Gypsum Duchess and sister Gypsum Emporess were built in 1956 by Deutsche Werft, Hamburg, measuring 8240 grt, 10,677 dwt Gypsum Duchess was sold in 1986 and renamed Duchess I, but was broken up in Brazil in 1987.

Gypsum Empress departs loaded, having just passed the inbound Gypsum Duchess.

Gypsum Empress was sold directly to scrappers in Tuxpan, MX and arrived there in early 1984.

Gypsy Countess from the stern. The arrow points to the conveyor door.

Gypsum Countess, came from Atelier et Chantier de la Seine-Maritime, Le Trait in 1960, and also measured 8240 grt, 10,720 dwt. Equally elegant, it had the same raised forecastle and streamlined forward house. It was sold in 1989 becoming Gypsy Countess. It arrived in Halifax in tow of Point Halifax November 17, 1991 after losing power. It was repaired and in 1994 became Josiff I . It was broken up in 1998 - reportedly in Canada, but I have my doubts.

The third generation were Canadian  built by Collingwood Shipyard, and were among the last steamships built in this country. The layout of that machinery allowed for the self-unloading gear to pass through the engine room, which it would not be able to do with a bulky diesel engine.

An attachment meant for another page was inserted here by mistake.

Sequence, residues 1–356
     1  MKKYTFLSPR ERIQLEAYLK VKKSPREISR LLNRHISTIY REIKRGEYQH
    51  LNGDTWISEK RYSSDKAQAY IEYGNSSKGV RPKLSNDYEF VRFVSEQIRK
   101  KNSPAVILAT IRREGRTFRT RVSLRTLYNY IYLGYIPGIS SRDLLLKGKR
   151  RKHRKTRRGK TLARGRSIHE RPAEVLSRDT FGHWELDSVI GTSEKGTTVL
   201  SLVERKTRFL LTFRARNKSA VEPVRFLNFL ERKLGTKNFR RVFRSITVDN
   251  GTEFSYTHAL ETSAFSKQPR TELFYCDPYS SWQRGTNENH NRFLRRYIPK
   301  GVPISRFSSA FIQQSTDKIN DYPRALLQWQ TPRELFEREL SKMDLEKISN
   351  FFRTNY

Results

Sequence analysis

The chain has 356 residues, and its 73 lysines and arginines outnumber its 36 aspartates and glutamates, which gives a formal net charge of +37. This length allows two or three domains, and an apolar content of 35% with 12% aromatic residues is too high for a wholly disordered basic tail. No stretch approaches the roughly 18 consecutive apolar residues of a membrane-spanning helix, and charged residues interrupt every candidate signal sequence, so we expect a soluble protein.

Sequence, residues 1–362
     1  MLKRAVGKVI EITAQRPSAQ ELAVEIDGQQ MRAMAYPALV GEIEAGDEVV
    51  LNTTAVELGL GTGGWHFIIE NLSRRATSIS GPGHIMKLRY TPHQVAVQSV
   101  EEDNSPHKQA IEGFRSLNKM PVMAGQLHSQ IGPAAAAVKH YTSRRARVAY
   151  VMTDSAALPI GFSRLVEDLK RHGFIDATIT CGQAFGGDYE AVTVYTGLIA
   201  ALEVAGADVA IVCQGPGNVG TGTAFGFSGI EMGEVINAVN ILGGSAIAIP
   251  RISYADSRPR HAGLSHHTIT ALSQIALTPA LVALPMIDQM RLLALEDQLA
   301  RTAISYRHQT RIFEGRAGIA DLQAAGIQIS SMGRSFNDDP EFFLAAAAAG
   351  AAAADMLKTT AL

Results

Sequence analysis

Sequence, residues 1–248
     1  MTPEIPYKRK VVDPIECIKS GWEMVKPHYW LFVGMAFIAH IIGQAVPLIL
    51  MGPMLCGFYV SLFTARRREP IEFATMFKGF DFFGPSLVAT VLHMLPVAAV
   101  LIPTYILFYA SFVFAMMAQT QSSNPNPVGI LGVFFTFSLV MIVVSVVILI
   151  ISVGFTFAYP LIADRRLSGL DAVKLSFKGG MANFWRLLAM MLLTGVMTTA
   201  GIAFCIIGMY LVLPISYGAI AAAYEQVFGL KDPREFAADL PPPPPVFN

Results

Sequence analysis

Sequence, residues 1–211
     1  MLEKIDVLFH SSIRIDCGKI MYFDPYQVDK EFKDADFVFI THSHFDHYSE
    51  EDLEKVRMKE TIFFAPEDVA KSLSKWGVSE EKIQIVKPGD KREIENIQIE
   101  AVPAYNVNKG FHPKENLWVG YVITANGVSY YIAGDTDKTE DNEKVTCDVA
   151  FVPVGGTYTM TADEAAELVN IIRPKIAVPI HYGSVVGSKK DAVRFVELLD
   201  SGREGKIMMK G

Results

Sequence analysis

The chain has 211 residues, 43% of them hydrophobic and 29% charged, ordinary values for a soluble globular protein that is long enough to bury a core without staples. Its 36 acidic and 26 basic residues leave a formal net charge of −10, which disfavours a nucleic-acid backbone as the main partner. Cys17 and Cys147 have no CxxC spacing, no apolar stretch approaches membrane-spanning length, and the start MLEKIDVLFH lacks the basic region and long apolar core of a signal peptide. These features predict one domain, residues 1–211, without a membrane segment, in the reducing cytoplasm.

Gypsum King fresh from drydock in Halifax in 1998 sported the traditional Fundy Gypsum colour scheme of white over black with rusty red deck and boot topping. The conveyor door is just above the stern tug's bow.
Gypsum Baron shows the new blue hull colour in 2002. The conveyor door is visible just forward of the rudder, below the weather deck.

 Gypsum Baron (1976) and Gypsum King (1975) measured 12,272 grt and unloaded at a rate of 1800 tonnes per hour. This was quite slow by modern standards, but suited USG's needs. Gypsum King was sold in 2003, renamed G.King and arrived in Alang for scrap May 20, 2003. Gyspum Baron was renamed Baron in 2007 and arrived in Alang August 23, 2007 for scrap. Both ships called in Halifax for drydockings, bunkers and occasional winter loads of gypsum.

A.V. Kastner sails from Hantsport at high tide with hatches still open. The ship had to leave on tide time, whether fully loaded or not.

A single ship A.V. Kastner followed in 1987 from Hyundai. Ulsan. It measured 12,702 grt, 19,075 dwt and featured an unique stern mounted slewing unloader boom. Sold in 2010, it became Silica II for owners in Dubai. It arrived in Alang July 18, 2014 where it was broken up.

The final generation, built after the company increased its load out rate at Hantsport with twin arms and extended the dock to deeper water, had a short lived career at Hantsport.

They are still operating however, but now in Africa as previously reported:

As an update to that post, when the ship returned to Africa after its refit, it took much needed supplies for the fight against ebola.

There was also a post when USG closed the facilities permanently in November 2011:

USCG was not the only gypsum producer in Nova Scotia to close down. Georgia-Pacific in Cape Breton, with quarries at Sugar Camp (River Denys) and Melford, and ship loading facilities at Point Tupper announced its closing in December 2011. There has been no indication that they might resume operations any time soon either.